Dax proves that the voice ID was, in fact, a fake from a recording, and Kira learns that O’Brien talked to Boone before leaving the station, and he lives in the DMZ. However, he insists that he’s just an old shipmate of O’Brien’s whom he was reminiscing with on the Promenade. Meanwhile, Bashir gets a visit from a Maquis member who assures him that Boone is not with the Maquis and they know nothing about the theft.

The trial starts. Makbar gives O’Brien a chance to confess and save the hassle of the trial. She then asks if Keiko wishes to disassociate from his disgrace by testifying against him, which she testily refuses. Odo then tries to convince Kovat to submit the new evidence he has that the voice ID was faked, then tries to convince Makbar to change the venue, since the crime happened on a Bajoran station, not in Cardassian space. Makbar refuses, dismissing it as Federation trickery to try to save their citizen from Cardassian justice.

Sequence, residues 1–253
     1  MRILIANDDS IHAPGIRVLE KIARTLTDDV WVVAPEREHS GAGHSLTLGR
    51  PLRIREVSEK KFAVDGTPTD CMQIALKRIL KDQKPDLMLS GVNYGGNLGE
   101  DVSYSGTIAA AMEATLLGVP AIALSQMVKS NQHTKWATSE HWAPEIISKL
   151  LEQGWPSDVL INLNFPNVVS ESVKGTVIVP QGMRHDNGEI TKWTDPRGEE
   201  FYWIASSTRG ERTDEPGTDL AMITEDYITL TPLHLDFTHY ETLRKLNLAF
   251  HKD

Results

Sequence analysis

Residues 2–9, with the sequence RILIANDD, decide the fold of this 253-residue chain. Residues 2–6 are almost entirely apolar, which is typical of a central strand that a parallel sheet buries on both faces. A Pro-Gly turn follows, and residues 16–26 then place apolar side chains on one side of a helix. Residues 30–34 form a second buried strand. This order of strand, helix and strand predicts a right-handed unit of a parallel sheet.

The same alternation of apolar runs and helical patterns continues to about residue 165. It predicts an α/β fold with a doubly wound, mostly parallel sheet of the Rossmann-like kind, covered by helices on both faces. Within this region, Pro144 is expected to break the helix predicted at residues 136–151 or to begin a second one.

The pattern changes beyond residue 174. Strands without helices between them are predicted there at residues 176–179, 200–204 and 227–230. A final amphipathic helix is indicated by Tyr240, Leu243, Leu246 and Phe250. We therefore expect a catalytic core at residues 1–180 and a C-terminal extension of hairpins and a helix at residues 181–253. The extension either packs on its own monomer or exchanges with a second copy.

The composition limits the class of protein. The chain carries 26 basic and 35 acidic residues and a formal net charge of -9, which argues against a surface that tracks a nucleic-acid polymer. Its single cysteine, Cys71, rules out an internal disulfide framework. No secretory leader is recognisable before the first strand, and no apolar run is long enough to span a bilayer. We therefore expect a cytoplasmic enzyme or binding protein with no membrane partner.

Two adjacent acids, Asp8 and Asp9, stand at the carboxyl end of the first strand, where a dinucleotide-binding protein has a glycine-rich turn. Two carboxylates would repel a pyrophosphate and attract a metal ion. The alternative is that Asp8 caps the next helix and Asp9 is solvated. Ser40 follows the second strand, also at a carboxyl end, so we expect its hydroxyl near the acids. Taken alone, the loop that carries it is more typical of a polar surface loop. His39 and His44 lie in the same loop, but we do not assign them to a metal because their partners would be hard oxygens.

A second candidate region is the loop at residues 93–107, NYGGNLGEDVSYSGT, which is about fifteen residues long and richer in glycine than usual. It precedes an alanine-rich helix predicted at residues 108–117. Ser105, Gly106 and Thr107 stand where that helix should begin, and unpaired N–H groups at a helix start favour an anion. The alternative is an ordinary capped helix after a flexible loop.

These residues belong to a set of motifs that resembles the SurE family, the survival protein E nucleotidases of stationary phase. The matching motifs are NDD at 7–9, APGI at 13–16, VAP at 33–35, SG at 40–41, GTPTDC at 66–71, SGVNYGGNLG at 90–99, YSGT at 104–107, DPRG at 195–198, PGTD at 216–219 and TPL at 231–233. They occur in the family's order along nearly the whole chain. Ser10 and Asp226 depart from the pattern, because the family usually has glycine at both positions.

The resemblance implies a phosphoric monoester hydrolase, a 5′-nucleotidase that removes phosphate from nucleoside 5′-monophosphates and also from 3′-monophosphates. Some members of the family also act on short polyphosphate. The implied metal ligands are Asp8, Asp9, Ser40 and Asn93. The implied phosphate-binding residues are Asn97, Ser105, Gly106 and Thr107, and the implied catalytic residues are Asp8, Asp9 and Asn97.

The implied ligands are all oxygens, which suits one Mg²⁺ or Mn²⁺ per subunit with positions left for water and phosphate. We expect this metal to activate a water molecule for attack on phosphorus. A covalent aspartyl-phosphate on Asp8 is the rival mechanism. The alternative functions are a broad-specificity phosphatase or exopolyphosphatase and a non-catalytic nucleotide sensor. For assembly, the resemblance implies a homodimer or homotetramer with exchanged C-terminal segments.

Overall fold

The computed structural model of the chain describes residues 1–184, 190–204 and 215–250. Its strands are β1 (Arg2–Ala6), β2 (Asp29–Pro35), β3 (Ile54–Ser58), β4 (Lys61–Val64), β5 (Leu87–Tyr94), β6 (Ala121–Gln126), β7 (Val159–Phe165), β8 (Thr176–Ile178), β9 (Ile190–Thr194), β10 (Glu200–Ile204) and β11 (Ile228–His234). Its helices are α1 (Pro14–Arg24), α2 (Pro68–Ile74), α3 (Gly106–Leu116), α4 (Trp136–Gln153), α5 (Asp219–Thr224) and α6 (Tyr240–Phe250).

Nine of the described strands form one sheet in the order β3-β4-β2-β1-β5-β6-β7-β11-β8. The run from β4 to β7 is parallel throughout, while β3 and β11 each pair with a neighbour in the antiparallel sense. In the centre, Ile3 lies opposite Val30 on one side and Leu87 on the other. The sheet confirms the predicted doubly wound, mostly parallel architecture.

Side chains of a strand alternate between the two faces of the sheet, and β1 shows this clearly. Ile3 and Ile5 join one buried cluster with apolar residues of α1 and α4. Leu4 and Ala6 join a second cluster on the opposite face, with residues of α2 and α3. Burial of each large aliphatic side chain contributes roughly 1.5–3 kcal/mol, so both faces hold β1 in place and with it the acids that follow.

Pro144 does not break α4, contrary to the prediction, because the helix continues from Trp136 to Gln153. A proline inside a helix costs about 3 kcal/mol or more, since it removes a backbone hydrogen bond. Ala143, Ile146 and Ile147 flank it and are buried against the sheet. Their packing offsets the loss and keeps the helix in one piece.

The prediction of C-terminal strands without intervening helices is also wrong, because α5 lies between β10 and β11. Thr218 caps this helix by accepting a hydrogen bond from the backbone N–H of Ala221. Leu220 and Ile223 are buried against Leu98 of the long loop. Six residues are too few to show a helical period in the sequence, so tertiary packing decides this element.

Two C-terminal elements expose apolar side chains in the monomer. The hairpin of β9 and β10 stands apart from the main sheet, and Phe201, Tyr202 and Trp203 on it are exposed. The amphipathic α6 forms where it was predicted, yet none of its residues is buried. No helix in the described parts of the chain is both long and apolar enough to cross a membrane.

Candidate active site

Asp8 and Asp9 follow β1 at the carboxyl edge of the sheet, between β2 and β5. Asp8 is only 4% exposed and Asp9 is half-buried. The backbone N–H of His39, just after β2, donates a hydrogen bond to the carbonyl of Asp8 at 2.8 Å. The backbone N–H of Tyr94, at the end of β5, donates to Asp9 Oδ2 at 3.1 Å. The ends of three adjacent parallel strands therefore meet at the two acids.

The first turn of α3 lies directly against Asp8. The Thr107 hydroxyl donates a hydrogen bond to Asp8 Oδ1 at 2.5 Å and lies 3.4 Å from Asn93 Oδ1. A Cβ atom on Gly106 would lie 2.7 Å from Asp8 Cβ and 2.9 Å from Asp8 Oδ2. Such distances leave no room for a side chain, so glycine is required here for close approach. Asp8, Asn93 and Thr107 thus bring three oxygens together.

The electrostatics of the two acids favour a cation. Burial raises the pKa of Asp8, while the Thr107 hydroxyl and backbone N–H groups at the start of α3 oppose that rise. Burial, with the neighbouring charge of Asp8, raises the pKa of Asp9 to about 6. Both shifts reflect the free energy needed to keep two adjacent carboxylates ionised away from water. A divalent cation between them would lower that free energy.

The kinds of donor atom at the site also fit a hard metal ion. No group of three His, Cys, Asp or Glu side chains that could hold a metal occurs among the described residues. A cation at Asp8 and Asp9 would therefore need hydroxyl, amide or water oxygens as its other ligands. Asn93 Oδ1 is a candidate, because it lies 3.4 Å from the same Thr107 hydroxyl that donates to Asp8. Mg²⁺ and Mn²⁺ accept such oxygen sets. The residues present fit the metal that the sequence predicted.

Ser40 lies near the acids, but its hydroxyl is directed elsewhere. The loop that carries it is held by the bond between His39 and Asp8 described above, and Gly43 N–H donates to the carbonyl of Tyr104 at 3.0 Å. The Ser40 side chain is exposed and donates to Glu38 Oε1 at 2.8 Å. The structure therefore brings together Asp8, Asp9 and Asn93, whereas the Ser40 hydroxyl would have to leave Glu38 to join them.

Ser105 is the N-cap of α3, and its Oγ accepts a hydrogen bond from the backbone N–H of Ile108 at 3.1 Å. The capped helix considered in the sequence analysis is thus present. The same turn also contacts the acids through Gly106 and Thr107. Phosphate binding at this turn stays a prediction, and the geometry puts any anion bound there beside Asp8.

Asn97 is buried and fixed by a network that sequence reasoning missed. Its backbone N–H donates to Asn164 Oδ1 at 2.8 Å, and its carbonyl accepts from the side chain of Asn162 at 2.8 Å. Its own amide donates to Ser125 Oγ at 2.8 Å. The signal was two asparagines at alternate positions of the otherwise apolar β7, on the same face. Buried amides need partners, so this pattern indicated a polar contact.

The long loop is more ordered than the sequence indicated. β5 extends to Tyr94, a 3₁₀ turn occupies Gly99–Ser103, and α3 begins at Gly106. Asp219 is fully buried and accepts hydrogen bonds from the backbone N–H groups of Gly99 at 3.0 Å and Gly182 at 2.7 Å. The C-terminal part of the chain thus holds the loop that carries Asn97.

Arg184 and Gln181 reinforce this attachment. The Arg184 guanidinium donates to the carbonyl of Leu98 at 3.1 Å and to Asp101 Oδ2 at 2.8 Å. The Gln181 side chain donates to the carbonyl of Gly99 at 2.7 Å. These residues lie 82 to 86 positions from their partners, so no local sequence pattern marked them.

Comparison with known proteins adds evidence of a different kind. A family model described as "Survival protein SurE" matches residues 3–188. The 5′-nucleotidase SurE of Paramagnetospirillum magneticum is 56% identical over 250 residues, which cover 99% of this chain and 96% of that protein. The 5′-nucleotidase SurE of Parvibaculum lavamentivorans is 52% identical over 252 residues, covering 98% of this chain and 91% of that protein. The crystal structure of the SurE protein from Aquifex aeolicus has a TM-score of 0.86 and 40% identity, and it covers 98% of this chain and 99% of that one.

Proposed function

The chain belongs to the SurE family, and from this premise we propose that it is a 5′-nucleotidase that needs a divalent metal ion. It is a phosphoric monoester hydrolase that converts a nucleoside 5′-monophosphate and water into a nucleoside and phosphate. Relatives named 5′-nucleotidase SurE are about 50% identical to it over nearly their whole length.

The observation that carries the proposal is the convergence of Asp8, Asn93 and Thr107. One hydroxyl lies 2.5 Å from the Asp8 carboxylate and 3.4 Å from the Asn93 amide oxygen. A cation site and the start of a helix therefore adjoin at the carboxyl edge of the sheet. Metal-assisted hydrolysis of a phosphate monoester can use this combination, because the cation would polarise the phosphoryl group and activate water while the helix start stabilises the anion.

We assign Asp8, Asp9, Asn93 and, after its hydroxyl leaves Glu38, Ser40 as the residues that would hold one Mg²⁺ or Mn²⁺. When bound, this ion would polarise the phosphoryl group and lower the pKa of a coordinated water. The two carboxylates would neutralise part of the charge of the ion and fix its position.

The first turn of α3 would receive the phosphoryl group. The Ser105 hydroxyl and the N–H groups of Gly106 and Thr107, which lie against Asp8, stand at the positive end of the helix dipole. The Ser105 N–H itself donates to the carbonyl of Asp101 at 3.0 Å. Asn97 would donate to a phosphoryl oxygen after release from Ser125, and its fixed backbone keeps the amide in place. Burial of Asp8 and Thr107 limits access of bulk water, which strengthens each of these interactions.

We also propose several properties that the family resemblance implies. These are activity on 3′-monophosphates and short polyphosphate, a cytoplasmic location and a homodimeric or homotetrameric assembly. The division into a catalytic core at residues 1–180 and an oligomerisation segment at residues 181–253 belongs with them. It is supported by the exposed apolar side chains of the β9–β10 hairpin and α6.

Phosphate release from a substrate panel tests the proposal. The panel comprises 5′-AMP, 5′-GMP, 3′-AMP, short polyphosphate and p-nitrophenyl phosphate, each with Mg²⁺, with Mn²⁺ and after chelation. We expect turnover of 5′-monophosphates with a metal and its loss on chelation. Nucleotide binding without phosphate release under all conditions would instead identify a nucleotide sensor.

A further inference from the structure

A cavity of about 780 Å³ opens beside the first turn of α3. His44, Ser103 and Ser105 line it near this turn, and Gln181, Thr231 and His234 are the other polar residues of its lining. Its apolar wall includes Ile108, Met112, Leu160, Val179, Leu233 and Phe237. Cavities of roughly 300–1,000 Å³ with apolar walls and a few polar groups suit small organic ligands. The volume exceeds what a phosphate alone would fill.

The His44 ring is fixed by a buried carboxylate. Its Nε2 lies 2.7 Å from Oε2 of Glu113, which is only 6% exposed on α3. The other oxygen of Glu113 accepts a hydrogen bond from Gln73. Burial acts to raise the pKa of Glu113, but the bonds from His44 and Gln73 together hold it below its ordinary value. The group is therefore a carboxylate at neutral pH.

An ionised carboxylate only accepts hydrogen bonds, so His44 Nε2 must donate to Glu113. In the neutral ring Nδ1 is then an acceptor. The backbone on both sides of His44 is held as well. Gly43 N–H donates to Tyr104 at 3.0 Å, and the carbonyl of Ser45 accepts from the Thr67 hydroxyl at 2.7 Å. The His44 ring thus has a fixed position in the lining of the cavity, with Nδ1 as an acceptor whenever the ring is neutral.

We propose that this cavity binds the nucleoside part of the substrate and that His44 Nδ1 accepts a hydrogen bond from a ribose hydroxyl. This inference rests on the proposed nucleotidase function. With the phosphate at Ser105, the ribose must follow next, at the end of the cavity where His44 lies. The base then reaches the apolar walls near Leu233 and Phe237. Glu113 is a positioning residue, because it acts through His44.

Star Trek: Deep Space Nine Rewatch on Tribunal

Evek is the first witness, and he uses this as an excuse to rail against the Maquis. He quotes “reliable sources” which led him to the warheads they found in O’Brien’s runabout, but can’t name them for reasons of national security, which Makbar accepts without question. (Odo doesn’t, but he’s shouted down.) Finally, O’Brien must testify, as the offender is compelled to do. Kovat asks if he was abused as a child or is abused by his wife, by way of trying to find out how he was led to this life of crime, and then Makbar asks how many Cardassians he’s killed, and if he’s prejudiced against Cardassians. She also throws his own words at him: “The bloody Cardies can’t be trusted.”